The U.S. government is celebrating the achievements of a program that has worked with more than 205,000 people from vulnerable households to build incomes, improve nutrition, and strengthen community participation across eight districts in the Kigezi, Acholi, and Karamoja sub-regions.
As a result of this five-year U.S. government-funded project, locally known as Integrated Community Agriculture and Nutrition (ICAN), participants are now accessing formal financial services, saving with a purpose, and connecting with private sector partners. Funded by the U.S. Agency for International Development (USAID), the program also issued 185 small grants (at a total value of 1.86 million Ugandan shillings) to community enterprises, helping them to expand and generate more income.
ICAN further addressed malnutrition by training 130,000 mothers on good nutrition and hygiene practices and assessing 270,000 children under five for malnutrition. The project also trained and built the confidence and entrepreneurial skills of roughly 6,300 out-of-school adolescent girls and young women.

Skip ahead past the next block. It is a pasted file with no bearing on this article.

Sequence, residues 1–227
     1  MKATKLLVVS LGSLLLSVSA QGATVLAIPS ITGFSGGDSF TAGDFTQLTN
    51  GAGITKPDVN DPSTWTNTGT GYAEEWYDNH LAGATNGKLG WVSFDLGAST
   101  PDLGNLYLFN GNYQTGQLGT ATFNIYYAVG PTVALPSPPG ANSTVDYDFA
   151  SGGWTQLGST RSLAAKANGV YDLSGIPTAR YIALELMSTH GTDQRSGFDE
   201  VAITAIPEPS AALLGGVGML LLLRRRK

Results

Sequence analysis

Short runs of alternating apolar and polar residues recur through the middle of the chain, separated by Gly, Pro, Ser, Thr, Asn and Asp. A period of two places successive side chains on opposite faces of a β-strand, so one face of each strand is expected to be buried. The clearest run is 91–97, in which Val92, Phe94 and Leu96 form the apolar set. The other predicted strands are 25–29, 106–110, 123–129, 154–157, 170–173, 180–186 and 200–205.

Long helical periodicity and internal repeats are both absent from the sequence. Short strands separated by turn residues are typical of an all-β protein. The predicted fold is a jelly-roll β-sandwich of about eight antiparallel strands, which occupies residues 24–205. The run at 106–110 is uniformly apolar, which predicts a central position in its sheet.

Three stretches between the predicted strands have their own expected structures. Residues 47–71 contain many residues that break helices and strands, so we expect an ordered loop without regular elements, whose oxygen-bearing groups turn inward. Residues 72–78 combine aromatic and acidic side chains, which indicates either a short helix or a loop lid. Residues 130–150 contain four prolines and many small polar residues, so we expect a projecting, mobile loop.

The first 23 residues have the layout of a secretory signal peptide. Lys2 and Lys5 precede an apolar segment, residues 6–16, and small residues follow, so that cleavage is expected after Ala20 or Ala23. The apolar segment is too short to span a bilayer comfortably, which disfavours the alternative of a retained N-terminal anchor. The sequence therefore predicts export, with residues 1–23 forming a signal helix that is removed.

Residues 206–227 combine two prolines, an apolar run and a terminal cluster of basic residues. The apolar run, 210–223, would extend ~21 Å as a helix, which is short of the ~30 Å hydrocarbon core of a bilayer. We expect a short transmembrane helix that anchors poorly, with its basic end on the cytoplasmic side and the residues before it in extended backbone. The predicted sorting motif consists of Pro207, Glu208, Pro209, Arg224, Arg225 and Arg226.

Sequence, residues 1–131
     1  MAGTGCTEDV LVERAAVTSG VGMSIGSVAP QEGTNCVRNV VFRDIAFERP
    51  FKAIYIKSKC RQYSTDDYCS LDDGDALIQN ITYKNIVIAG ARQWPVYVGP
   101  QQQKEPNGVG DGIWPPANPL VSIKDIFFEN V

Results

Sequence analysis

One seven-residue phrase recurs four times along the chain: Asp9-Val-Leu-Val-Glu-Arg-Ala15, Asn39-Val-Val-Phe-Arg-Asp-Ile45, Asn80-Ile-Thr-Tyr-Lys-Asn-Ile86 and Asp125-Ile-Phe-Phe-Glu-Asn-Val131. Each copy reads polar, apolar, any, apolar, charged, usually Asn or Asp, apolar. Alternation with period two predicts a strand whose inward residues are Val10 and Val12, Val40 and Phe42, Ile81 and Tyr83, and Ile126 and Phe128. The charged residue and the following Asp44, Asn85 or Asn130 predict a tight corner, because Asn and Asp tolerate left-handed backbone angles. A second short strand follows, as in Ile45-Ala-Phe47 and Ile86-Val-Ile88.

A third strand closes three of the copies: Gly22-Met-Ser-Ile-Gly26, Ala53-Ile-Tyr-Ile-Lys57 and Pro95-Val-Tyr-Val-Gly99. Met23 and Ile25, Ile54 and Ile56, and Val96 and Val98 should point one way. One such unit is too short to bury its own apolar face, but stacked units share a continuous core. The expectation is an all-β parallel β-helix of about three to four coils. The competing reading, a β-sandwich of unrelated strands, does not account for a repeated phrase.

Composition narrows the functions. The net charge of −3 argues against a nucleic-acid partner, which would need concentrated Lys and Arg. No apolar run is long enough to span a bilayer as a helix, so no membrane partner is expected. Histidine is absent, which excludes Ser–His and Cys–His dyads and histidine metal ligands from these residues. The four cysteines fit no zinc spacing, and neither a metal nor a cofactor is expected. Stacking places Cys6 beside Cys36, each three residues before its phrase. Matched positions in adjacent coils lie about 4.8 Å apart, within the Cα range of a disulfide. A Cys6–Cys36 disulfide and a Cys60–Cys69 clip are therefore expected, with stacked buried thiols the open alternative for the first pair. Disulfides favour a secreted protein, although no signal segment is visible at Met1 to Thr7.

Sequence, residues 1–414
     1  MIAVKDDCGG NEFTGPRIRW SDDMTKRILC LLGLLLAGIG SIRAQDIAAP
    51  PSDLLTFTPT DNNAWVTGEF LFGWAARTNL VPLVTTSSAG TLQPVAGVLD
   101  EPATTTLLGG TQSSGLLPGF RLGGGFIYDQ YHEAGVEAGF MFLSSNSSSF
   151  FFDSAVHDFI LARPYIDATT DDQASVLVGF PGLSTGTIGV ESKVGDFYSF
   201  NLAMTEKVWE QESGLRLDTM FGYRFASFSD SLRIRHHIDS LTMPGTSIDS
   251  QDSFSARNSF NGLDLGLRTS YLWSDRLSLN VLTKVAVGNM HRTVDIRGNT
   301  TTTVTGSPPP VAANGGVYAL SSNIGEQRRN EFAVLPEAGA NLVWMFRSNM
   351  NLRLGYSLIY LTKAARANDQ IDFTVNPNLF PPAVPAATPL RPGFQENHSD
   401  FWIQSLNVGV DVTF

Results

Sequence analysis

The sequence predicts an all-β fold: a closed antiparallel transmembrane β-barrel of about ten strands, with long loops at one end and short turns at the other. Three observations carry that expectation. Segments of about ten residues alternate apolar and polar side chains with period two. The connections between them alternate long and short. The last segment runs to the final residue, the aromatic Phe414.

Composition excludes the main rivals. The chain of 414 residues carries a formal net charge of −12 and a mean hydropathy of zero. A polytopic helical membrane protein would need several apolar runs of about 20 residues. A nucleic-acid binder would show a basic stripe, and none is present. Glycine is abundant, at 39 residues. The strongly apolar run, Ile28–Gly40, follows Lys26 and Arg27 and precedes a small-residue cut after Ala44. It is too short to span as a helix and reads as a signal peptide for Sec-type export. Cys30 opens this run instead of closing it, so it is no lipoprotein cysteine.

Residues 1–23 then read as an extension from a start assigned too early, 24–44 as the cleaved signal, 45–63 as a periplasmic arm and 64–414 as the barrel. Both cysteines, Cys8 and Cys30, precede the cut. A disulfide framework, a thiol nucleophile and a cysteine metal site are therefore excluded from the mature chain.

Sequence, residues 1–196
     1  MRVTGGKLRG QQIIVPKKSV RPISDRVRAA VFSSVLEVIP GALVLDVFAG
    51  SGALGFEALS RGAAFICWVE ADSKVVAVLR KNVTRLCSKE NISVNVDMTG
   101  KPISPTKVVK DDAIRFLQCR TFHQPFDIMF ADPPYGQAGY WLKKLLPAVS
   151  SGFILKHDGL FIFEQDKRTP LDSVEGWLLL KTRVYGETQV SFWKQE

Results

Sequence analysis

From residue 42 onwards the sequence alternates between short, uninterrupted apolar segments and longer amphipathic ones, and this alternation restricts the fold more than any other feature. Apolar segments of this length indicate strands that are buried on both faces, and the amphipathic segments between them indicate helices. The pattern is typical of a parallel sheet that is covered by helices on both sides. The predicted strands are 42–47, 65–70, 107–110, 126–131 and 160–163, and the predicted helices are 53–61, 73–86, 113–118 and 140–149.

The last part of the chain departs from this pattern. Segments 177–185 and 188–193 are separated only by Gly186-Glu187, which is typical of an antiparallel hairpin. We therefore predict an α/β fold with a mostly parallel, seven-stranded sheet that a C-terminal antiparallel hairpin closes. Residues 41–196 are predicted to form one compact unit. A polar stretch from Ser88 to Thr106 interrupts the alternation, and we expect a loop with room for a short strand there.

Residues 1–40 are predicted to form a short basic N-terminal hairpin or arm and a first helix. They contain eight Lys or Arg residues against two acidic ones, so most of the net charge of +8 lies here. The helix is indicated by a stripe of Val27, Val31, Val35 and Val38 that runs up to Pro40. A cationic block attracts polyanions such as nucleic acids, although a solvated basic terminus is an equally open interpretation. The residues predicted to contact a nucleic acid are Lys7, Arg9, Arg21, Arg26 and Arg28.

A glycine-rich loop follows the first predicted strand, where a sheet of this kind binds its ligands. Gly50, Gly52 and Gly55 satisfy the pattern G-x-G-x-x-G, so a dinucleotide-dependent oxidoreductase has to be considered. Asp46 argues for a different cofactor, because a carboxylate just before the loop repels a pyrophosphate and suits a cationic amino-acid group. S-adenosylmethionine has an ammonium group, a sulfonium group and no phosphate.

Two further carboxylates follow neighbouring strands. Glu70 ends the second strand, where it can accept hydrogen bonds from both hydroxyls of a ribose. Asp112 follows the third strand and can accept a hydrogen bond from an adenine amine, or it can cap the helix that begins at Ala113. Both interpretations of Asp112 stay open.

At an event today, USAID/Uganda’s Director of Economic Growth Amy Beeler said, “Households, village health teams, business service providers, mentors, and many others now have the knowledge, skills, and connections to transform their lives and communities.”
She highlighted examples such as in Kanungu District, where the U.S. government activity partnered with the Kigezi Coffee Development Academy to certify coffee farmers by the global Rainforest Alliance. “These USAID-supported farmers report better incomes and a change in gender norms – coffee is now considered a family business rather than a man’s crop,” she said.
Thanks to these U.S. government investments, the most vulnerable households have been able to weather unforeseen shocks and stressors such as COVID-19 lockdowns and price shocks due to Russia’s War in Ukraine.Distributed by APO Group on behalf of U.S. Embassy in Uganda.